Richard Tuttle: Art and Life

The Klein residence, Tesuque, New Mexico, 2004. Production still from the "Art in the Twenty-First Century" Season 3 episode, "Structures," 2005. © Art21, Inc. 2005.

The Klein residence, Tesuque, New Mexico, 2004. Production still from the "Art in the Twenty-First Century" Season 3 episode, "Structures," 2005. © Art21, Inc. 2005.

ART21: Measurement seems to play a big part in your work.

TUTTLE: A kind of strange part of my work is that one instant is the same as all time, all eternity—microcosm, macrocosm. One of my favorite artists is Jan van Eyck, who gives you a picture that satisfies all attentiveness to the smallest of the small and all attentiveness to the largest of the large. That’s one of the things that a picture is supposed to do for us. Ultimately, you have to come to that flash instant, which is almost un-measurably short and then un-measurably large. I’ve always been confused why we have this system where we try to balance out original time with non-original time—you know, sequential time by the watch and then the concept of time. Even our sentences, the ways we express ourselves, play service to each one of those notions of time.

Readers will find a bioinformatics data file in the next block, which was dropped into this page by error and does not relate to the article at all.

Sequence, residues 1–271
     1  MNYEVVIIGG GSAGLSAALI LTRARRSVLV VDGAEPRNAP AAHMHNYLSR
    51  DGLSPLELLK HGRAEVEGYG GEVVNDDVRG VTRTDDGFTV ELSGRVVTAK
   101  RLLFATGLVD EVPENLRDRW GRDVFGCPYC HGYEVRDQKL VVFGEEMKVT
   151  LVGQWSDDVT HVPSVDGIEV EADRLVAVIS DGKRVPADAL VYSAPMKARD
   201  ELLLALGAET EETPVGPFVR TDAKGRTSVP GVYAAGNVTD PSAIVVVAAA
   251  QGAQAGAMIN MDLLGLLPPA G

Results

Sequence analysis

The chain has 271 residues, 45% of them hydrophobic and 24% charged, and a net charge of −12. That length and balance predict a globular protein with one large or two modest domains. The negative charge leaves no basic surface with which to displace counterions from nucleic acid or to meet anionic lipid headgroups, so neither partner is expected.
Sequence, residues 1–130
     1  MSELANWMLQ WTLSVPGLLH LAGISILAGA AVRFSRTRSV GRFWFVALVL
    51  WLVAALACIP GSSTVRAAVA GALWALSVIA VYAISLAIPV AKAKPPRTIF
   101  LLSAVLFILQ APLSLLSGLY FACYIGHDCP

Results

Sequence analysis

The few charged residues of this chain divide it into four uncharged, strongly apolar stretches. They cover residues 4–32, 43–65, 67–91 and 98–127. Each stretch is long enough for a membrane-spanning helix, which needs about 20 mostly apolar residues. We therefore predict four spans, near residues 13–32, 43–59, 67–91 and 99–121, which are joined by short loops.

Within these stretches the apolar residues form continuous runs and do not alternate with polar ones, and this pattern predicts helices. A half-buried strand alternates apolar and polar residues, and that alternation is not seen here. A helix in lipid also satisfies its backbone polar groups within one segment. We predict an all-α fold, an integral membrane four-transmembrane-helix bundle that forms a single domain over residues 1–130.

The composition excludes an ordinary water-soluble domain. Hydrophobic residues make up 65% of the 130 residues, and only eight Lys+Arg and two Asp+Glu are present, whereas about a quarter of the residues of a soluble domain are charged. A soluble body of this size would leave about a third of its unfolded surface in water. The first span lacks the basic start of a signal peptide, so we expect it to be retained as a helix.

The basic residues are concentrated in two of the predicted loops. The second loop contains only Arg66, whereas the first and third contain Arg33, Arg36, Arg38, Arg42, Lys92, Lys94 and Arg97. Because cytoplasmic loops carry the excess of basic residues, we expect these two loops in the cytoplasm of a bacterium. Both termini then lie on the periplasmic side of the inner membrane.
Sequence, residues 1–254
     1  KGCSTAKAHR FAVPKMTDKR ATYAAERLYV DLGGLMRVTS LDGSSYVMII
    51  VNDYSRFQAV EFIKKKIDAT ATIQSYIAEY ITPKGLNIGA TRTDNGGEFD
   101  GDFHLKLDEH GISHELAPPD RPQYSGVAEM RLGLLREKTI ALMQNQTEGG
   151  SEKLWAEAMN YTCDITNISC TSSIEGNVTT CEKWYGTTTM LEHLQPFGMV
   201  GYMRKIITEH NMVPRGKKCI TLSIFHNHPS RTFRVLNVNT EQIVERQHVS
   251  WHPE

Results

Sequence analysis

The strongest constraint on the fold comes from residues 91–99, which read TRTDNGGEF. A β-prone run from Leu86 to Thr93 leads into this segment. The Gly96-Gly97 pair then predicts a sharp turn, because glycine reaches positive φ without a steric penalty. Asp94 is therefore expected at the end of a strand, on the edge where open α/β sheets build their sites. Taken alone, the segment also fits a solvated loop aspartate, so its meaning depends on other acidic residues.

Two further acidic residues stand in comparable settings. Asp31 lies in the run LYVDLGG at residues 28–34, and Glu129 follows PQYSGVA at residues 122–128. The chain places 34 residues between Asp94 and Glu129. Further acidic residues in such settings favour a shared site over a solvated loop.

ART21: Talk about what happens when installing your work.

TUTTLE: Something magical happens when a group of my work comes together. The Kleins in Tesuque are wonderful people; they built a new house and have some works of mine that they wanted my input on hanging. What came to mind was introducing six yellow pieces that were from about 1970–74 in the three consecutive rooms, that were then woven in with works that they had already owned, some from the ’90s and earlier periods. I know that about my work—one and one equals three and one and two equals six—there’s this kind of exponential leaping. It could be just an awareness of some weird sense of logic that comes out, the more material you have. Knowing that, I can also play with that and make it even richer.

In the Klein situation, you have these six yellows that weave in with another order. On some level, the installation (to use a horrible word) would be this weaving between my persona and their persona to create a kind of world. It’s not just visual—how to see the rooms as what they were intended for, and then to build on that and show artwork off to its best advantage. I mean, in some sense, I would think that an artist is really like what Plato might call a true philosopher: you can go to the limit of any and all disciplines.

ART21: Are there limits to art making—rules?

TUTTLE: You know, that first little piece—you can have the yellow without the black in it, or the yellow with the black in it. And at the moment, it has the yellow with the black in it. And I thought that would push it forward, in the sense of things emerge or are born; they’re pushed forward. Because yellow is the color of natural ambiguity, it can recede or come forward. That’s why it was used in Italian primitive paintings with gold. It was gold in that case, but yellow and gold work the same way.